‘Baghdad Central’ Review: A Briskly Paced Missing-Person War Drama

Channel 4’s ‘Baghdad Central‘ is a deftly paced missing person drama set in war-torn Iraq that feels extremely fresh as it shies away from the traditional, dominantly American point of view. Focusing on Iraqi locals, the series has an overall globally-minded feel and ends up giving a positive life-affirming message. The series functions as both, war drama and mystery thriller. It is set directly after the fall of Saddam Hossein, in an Iraq governed by a US-led coalition in 2003.

Baghdad Central Recap:

‘Baghdad Central’ follows an ex-Iraqi police officer, Muhsin al-Khafaji whose elder daughter, Sawsan goes missing. It is 2003 and Iraq is under the control of a US-led coalition. One of Sawsan’s friends and co-workers gets raped and commits suicide since she is unable to bear the shame. Sawsan and she used to work as translators for the coalition.

Al-Khafaji gets recruited by a British man named Temple who is with the coalition and responsible for rebuilding the Iraqi police force. He offers to let Al-Khafaji’s younger daughter, Mrouj, get dialysis treatment at the ‘Green Zone,’ where the coalition forces are stationed.

Temple has a rivalry with an American military officer name Parodi. Over time, Parodi and Temple begin competing against each other for Al-Khafaji’s loyalty. Al-Khafaji, on the other hand, happily plays along the ping-pong game as it helps advance his search for his daughter. But soon his search leads him to a startling discovery.

 Baghdad Central Review:

‘Baghdad Central’ turns out to be an engaging series that never loses its grip, always maintaining razor-sharp tension. Usually, mystery/suspense tales are tested by how well the middle section of the narrative is handled since this is where stories belonging to the genre face the most risk of losing viewers’ interest. However, ‘Baghdad Central’ avoids that with the captivating, one-upmanship conflict between Parodi and Temple. Apart from that, there are multiple, pivotal actors in the overall plot and all of their stories coalesce rather effectively.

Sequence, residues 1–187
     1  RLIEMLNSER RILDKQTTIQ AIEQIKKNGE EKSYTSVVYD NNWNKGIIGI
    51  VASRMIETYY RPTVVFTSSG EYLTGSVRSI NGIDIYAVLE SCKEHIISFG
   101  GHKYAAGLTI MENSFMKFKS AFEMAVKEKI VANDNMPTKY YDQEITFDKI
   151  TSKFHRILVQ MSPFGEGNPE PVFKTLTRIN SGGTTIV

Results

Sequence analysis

However, the biggest charm of ‘Baghdad Central’ is how authentically it portrays the story from the point of view of the Iraqis rather than their “liberators.” The show manages to capture the public sentiment from various points of view to provide a complete, humanistic picture of a politically ruptured nation.

Yes, ‘Baghdad Central’ is revolutionary in that regard. Its ending triumphantly delivers a strong message about nationalism as al-Khafaji returns to his homeland to play his part in rebuilding it. The positive message is impactful because of how layered it is. Towards the end, Al-Khafaji finds out that his son had been executed years ago because of his relatives. However, he lets go of the past, in stark contrast to a jibe that the show takes in an earlier episode by depicting an American poster about the 9/11 attack with the words “Never Forget.” (Rating: 4/5)

Baghdad Central releases on Hulu on March 27.                                                                               

Read More: Is Baghdad Central Inspired by a True Story?